Recommendations for Improving MPG Performance in Trucking Fleets
January 8, 2018 Comments Off on Recommendations for Improving MPG Performance in Trucking Fleets
In the transportation industry, fuel economy is a major focus when companies, particularly freight carriers, want to minimize costs. According to the American Trucking Associations (ATA), fuel is often the second-highest cost for fleets – shadowed only by driver pay. Optimizing your fleet is essential for fuel efficiency and can help keep your trucks moving. We’ve identified some of the industry’s top methods for improving MPG performance.
- Use aerodynamic attachments – Many transportation companies invest in devices and attachments that help reduce aerodynamic drag and improve air flow. The U.S. EPA has listed a number of verified aerodynamic components that, if properly installed and maintained, could produce fuel savings of up to 9 percent. The EPA’s quick reference guide summarizes how such components function.
- Choose low-rolling resistance tires – According to a 2010 publication from National Academies Press (NAP), “tire rolling resistance takes about one-third of the power required to propel a line-haul truck at highway speed on level roads.” To put it simply, tires that roll easier need less power to get the truck moving and can reduce fuel consumption.
- Maintain tire pressure – Even when using tires that help improve MPG performance, driving on tires that are not properly inflated can impact fuel costs. According to NAP, when tire pressure is at 20% less than optimal, the result could be a 2-3 percent loss in fuel economy.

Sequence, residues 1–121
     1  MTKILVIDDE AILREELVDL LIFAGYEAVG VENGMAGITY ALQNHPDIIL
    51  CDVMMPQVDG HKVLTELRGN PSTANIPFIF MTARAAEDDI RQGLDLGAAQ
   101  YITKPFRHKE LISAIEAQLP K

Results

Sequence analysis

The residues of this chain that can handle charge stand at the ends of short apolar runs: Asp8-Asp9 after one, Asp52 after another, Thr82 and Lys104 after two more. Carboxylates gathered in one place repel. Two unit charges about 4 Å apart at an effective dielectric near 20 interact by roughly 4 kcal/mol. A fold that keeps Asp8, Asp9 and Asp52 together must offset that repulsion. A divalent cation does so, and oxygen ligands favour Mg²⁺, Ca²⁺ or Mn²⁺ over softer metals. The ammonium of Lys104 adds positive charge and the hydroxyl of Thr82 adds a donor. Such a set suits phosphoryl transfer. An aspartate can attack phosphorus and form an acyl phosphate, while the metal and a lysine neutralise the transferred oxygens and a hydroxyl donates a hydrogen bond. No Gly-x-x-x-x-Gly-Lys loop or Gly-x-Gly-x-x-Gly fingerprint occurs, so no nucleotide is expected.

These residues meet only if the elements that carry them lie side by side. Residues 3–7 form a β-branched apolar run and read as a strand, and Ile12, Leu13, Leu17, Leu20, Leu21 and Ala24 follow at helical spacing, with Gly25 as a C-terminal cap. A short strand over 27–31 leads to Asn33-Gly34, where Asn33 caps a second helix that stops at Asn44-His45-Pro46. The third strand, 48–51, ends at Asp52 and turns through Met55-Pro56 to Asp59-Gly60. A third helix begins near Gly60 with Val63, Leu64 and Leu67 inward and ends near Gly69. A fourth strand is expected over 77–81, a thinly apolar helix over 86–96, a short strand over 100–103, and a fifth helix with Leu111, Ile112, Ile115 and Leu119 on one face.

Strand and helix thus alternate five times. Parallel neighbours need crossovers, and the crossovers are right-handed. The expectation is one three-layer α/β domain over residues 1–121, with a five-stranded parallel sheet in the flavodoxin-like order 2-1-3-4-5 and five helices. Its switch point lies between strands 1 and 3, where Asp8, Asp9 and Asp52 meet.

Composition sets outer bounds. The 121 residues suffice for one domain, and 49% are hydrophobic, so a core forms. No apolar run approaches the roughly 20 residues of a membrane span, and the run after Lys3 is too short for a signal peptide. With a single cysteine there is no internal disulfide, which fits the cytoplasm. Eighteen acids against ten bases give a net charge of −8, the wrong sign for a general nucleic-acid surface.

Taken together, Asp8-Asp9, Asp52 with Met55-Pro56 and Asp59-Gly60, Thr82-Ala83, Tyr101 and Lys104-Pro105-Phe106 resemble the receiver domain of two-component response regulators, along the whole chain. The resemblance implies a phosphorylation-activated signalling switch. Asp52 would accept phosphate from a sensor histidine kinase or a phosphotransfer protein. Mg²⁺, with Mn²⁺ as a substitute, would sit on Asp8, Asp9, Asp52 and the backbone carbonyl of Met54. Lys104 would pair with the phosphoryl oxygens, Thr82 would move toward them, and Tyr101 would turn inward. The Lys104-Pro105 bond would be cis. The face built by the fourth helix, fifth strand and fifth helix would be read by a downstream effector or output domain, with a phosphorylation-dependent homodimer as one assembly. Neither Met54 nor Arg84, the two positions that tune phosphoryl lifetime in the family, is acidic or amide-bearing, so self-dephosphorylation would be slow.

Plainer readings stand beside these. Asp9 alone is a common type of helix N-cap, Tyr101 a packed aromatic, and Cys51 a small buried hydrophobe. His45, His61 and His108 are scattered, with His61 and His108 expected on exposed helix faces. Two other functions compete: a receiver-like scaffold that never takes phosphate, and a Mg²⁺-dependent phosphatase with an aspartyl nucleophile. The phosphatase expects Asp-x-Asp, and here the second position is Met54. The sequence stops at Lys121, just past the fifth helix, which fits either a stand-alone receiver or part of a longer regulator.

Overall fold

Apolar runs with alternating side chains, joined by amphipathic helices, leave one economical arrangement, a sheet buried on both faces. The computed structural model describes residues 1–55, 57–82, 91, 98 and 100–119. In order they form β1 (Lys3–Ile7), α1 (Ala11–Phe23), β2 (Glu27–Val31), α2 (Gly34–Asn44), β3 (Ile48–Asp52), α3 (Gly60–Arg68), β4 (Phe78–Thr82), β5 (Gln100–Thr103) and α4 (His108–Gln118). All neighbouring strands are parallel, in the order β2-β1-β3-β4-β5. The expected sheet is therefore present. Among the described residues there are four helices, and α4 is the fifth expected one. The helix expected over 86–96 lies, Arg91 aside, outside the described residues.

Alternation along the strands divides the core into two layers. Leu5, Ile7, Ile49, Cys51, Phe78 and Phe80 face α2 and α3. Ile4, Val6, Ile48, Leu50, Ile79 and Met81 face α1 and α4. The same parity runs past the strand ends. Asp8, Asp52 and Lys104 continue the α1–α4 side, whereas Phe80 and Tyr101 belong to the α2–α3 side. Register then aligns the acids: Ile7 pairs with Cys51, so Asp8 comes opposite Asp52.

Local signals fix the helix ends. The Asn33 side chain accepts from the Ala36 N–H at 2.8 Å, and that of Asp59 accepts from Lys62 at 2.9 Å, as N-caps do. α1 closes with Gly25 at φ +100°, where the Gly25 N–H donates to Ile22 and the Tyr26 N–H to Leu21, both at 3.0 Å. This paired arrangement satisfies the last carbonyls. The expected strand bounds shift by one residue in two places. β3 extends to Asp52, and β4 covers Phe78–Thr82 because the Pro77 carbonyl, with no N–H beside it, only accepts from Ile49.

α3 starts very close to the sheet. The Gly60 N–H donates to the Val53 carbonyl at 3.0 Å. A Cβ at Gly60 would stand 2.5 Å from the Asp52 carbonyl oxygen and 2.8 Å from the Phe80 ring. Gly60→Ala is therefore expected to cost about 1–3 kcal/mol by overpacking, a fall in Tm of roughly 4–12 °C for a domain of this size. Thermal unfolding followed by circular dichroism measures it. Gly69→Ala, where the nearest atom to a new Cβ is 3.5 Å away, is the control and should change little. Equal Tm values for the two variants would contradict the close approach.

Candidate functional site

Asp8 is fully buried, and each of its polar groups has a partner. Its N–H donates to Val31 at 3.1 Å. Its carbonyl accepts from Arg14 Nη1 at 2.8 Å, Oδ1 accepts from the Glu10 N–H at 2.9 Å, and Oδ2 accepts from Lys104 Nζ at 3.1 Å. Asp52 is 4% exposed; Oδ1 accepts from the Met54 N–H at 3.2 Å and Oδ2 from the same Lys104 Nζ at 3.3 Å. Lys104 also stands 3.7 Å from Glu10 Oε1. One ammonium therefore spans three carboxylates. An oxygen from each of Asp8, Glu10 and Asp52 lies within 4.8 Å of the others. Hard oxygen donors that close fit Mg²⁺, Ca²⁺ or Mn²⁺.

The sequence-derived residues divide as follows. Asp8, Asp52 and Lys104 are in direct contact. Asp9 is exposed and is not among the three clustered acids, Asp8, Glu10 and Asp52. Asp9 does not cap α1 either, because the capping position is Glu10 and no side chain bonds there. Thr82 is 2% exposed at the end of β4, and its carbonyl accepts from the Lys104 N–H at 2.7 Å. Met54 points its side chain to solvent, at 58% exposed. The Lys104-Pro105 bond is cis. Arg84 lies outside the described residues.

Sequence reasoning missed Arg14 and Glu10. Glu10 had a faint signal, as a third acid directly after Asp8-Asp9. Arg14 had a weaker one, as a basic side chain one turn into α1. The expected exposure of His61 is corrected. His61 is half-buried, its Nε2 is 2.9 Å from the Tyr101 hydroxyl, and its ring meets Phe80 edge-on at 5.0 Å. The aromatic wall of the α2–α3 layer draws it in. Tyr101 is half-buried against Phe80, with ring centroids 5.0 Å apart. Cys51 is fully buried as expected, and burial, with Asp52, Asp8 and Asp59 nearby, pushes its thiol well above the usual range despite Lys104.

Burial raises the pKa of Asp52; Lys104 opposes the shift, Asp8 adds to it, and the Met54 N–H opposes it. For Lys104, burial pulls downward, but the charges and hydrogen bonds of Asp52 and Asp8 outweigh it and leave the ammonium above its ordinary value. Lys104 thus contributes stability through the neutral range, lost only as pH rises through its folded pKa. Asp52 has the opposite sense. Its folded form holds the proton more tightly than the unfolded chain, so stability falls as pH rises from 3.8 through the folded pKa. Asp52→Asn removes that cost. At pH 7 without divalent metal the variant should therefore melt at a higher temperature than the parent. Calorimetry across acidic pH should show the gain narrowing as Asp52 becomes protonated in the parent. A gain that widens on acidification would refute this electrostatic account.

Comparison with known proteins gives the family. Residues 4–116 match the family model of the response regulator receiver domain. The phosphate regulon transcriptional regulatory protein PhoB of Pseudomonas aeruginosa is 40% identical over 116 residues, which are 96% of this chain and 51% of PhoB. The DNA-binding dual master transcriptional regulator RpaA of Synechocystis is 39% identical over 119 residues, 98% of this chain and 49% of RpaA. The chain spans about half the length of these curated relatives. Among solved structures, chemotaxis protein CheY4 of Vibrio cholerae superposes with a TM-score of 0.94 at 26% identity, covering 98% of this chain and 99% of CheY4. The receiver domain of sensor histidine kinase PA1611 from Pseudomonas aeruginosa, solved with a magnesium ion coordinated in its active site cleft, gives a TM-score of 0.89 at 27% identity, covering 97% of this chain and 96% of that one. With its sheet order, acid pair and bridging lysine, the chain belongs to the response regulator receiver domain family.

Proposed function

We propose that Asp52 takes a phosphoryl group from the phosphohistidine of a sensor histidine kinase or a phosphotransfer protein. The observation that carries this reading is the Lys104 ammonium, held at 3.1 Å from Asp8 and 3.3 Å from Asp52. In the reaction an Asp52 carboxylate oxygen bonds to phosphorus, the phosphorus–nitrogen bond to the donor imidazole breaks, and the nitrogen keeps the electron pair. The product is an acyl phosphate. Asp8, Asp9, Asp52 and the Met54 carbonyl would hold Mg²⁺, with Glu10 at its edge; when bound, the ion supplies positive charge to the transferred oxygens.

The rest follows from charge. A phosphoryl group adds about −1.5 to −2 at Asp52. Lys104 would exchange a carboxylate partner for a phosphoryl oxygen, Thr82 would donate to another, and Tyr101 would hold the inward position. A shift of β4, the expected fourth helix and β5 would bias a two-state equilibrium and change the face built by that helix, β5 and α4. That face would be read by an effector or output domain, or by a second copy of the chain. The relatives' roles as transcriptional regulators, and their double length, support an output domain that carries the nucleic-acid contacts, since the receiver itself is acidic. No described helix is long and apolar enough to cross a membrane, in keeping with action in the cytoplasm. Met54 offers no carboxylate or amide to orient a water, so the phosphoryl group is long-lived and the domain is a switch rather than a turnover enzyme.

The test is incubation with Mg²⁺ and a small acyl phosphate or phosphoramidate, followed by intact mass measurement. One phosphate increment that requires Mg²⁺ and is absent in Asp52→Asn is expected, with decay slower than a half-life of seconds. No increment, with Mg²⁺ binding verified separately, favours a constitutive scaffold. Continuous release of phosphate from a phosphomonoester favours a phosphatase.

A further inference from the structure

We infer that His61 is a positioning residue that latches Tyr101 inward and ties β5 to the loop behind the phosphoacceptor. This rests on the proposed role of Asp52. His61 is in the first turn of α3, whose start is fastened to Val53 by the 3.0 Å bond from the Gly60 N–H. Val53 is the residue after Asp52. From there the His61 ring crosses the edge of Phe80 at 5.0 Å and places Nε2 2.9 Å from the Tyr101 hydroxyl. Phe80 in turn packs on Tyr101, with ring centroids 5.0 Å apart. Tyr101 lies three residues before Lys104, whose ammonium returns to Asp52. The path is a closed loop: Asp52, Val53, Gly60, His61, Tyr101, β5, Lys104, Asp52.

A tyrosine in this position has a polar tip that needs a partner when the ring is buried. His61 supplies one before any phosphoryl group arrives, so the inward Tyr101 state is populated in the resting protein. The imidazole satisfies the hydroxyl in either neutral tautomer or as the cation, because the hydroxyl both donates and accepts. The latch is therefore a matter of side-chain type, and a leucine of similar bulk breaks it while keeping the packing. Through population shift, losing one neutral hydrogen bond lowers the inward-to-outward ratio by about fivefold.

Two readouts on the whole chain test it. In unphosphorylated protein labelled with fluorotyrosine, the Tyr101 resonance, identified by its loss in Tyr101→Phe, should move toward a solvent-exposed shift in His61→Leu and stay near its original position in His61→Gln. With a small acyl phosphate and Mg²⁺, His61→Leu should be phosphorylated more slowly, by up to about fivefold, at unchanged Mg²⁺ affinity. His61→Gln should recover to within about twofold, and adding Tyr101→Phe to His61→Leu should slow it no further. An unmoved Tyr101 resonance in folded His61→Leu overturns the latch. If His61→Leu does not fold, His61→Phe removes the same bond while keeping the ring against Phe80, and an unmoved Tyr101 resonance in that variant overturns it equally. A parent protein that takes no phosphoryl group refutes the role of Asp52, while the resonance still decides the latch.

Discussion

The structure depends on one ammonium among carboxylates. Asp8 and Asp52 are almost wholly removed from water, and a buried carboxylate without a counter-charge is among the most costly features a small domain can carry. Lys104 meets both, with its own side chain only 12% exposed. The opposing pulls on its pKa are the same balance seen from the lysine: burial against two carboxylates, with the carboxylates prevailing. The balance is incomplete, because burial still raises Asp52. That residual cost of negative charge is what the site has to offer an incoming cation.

- Ensure wheel alignment – Trucks and trailers that are well aligned minimize rolling resistance and improve MPG averages. In addition, tread wear is impacted by misaligned wheels and can shorten tire life.
- Minimize idling – According to the U.S. Department of Energy, rest-period truck idling consumes an estimated 1 billion gallons of fuel per year. Although idling cannot always be avoided, creating an idle policy for drivers during rest hours and while waiting at facilities can have a significant impact.
The American Transportation Research Institute calculated that, even for fleets that typically move loads weighing less than 20,000 pounds, the average fuel economy for those fleets was 6.2 MPG. Any action a carrier takes to improve performance and reduce fuel usage can make a difference. In fact, improving performance by just .45 MPG can decrease fuel consumption by 7 percent.
Carrier 360 by J.B. Hunt provides information essential for monitoring fleet utilization and performance, including data and reports that summarize freight movement, revenue, and service scores.
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